Just say "no." On the face of it, it sounds easy enough to turn down a request. But why - especially when that request is coming from the boss, a colleague or a client - can it seem so difficult? Saying yes feels good.
But saying "yes" too often instead of "no" usually leads to eschewing shut-eye in order to meet the seventh urgent deadline of the month. And it's not necessarily organizations demanding longer hours and increased workloads either, according to a recent report sponsored by the federal Ministry of Health. Employees have lost the art of the polite but firm push-back. We just can't say "no."
Nor will we ask colleagues for help. According to the Ministry of Health report, Reducing Work-Life Conflict: What Works? What Doesn't?, 65 per cent of employees rarely turn to others to lighten the load when they're stressed out. But why do so many employees have a hard time saying "no" to a simple request or even an unreasonable demand?
It all comes down to how we feel about the word "no," says Jim Camp, negotiation expert and author of No: The Only Negotiation System You Need for Work and Home.
"I've been to China, Africa, South America and I have Canadian clients. What I've found is the universality of the fear around 'no.' People are really afraid to say 'no' and they don't want to hear it either."
The negativity that surrounds the word may hearken back to childhood. It's hard to feel good about a word that kept you out of the cookie jar, Mr. Camp says.
Not only does saying "no" feel awkward, many employees fear that saying "no" will peg them as unhelpful.
They may worry about their reputation or fear getting fired. Never mind that saying yes to too many projects without adequate time to deal with them is likely to do damage.
Power of "no"
"No," of course, is simply a word that describes a decision. But too many people associate it with stopping negotiations, indeed killing them, when it can also be a springboard for discussion, Mr. Camp says.
Any form of negotiation, from deciding where to go for lunch to closing million-dollar deals, rarely stops after one party says "no." Your lunch buddy nixes the festive special at Swiss Chalet. How about that Thai place? You can't possibly take on one more project this week. What about next week?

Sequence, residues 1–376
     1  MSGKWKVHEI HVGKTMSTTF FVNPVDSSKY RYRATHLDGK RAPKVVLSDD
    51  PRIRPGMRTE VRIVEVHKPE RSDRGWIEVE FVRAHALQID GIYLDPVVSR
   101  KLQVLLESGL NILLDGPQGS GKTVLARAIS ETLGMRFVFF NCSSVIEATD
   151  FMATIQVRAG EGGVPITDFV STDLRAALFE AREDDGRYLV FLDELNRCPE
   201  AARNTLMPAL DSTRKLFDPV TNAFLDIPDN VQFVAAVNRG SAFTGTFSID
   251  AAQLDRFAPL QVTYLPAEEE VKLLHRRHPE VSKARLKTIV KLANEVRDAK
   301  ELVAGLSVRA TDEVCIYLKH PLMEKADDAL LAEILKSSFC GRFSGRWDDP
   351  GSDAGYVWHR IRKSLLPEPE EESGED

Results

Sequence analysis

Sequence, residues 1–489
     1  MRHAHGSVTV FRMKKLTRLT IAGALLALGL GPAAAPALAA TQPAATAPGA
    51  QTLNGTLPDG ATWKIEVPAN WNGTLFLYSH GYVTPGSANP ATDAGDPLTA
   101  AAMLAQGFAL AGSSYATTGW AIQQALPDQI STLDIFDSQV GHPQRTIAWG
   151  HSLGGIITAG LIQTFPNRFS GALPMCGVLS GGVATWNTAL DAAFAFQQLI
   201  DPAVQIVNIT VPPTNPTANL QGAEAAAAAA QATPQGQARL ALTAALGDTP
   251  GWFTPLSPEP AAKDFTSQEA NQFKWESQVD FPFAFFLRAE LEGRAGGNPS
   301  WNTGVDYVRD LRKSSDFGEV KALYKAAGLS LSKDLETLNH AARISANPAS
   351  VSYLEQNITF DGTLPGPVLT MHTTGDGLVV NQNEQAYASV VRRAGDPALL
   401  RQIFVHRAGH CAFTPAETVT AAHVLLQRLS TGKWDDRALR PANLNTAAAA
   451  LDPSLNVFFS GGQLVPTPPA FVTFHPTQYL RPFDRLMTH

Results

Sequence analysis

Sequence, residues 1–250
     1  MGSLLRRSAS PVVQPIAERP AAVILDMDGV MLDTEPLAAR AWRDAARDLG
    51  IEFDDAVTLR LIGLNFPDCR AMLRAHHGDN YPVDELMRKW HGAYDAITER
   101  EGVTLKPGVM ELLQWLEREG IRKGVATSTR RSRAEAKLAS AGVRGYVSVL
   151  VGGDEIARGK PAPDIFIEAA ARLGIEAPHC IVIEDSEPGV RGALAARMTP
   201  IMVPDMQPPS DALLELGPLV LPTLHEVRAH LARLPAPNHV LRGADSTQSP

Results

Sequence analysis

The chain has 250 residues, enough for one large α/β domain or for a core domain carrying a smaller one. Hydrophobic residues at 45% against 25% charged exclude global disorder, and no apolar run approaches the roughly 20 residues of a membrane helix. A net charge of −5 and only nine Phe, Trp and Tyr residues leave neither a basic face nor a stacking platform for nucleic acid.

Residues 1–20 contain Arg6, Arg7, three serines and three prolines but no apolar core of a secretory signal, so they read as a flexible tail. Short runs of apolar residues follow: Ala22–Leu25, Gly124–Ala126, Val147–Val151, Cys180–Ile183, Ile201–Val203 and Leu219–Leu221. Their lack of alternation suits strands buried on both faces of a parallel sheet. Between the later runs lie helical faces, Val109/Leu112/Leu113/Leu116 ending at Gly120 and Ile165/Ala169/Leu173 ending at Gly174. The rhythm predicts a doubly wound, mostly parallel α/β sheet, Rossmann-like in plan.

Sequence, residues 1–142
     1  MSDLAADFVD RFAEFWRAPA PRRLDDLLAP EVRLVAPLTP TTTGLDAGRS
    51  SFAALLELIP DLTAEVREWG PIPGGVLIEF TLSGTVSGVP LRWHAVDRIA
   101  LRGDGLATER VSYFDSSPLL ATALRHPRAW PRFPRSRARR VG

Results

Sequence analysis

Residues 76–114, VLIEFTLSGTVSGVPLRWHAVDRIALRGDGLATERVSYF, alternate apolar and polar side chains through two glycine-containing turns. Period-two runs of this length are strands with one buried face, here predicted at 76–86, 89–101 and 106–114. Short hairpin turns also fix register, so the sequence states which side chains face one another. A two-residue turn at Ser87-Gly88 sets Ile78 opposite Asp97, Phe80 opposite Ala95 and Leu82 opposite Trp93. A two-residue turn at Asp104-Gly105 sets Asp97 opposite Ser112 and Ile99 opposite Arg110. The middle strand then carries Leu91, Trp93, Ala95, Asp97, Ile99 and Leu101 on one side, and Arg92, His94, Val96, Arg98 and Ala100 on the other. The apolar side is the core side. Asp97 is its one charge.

How to Say "no"
Learning how to say "no" effectively takes confidence and practice, says Jay Rosenzweig, managing partner of Rosenzweig & Company Inc., a senior level executive search firm in Toronto.
"The fact is, you can say "no" to your boss if your reasons are good. In fact, you should say "no" if the alternative would cause potential damage down the road," he says.
There are bad ways to say "no." Complaining that a task isn't "part of my official job description," won't fly. Neither will, "this assignment is too hard." Instead, use more positive vocabulary such as "Here are the other important projects I'm working on. They leave me with little time to handle this new one well." Or, "If I take this assignment on, it will cause harm to my other work." If you really want to drive your point home, keep a written list of your projects handy. Just be sure the person asking doesn't have a longer list.
Not everyone agrees that saying "no" makes you a better employee. Glen Stone, public affairs director for the Toronto Board of Trade, says he avoids saying "no." "Yes" is more fulfilling.
" 'Yes' has gotten me a reputation as a helpful person. 'Yes' has gotten me into projects that I might not have considered. It has given me chances to learn new skills and acquire new knowledge. It has also gotten me into trouble on occasion," he admits, saying he can get swamped with work.
When he does have to say "no," the word, "but..." usually follows as in, "No, but here's somebody else to talk to." Or, "No, but I can do it tomorrow."
Not all yeses are created equal, either, says Mr. Stone. "The polite 'yes' is the one you use because you don't want to say 'no.' It's not a real 'yes' unless you can follow up and deliver. In fact, if you're saying 'yes' and then not following through, that's worse than saying 'no,' " he says.
One of the best reasons to say "no", however, is also the most counterintuitive. Say it and people will respect you, says Mr. Rosenzweig. Recently a potential client approached his company about an executive search file. When he deferred due to a conflict of interest, he says he built a better relationship for the long haul.
"They see you're not out for the quick money grab. Instead, you're offering productive solutions that will build something meaningful," he says.
Client requests can be particularly sticky. You want the business, but you don't want every job, particularly if you've got too much work.
Before saying yes, Mr. Camp says, ask the question, "What's in it for me?" If the answer is, "nothing," take a pass.
'No' maintains the status quo. It gives you a chance to work through an issue before you agree to a change.
Jim Camp, author of No: The Only Negotiating System You Need for Work and Home
'No' can be emotional. If you're emotional during negotiations, that's often when things get derailed.
Jay Rosenzweig, managing partner of Rosenzweig & Company Inc., a senior level executive search firm in Toronto.